Widely travelled and cosmopolitan, Christoph Willibald Gluck’s determination to make opera simpler and free of frills would reform the art form far beyond his own works. Here’s a guide to his style and some recommended recordings…
In the famous Alceste preface, Gluck claims to have taken care ‘not to halt a singer in the heat of his dialogue to make him wait through a boring ritornello, nor stop him in mid-word on a favourable vowel’. In other words, his ‘reform’ word-setting is generally syllabic in character, allowing the text to come through clearly and with natural emphases.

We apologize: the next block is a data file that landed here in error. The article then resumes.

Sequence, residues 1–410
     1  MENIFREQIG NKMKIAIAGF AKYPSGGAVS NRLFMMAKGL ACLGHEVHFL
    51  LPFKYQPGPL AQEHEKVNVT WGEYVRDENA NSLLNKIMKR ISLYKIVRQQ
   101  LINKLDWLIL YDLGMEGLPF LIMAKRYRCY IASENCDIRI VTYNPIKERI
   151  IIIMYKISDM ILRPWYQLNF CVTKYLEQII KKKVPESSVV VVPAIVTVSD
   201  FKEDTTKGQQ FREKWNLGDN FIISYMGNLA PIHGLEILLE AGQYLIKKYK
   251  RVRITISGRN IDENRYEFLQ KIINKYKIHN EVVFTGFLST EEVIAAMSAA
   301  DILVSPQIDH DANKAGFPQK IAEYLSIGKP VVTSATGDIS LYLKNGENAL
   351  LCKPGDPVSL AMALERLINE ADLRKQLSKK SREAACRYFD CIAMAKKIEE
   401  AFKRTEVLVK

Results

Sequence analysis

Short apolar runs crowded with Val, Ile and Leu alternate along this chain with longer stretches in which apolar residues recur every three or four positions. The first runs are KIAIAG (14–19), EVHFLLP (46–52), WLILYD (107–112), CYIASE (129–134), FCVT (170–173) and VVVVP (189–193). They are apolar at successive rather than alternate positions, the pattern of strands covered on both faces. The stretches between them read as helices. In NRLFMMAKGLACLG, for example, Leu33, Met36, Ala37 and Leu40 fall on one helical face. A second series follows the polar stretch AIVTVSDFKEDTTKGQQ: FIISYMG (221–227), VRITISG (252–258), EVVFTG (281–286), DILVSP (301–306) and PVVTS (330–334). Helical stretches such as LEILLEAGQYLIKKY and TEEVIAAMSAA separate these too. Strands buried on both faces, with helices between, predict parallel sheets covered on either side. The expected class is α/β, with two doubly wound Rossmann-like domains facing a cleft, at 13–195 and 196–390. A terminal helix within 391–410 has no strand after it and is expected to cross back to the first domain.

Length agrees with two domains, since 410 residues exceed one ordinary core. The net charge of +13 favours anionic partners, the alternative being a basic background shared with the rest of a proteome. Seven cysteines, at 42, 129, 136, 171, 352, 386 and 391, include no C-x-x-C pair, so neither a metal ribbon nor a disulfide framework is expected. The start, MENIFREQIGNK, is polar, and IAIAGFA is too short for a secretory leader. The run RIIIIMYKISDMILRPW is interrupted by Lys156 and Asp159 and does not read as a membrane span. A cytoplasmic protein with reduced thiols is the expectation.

Gluck advocated a closer connection between an opera’s overture and the subsequent drama, as vividly demonstrated in his Alceste or Iphigénie en Aulide. The introduction depicts a calm sea and then an orchestral storm, which leads into the action.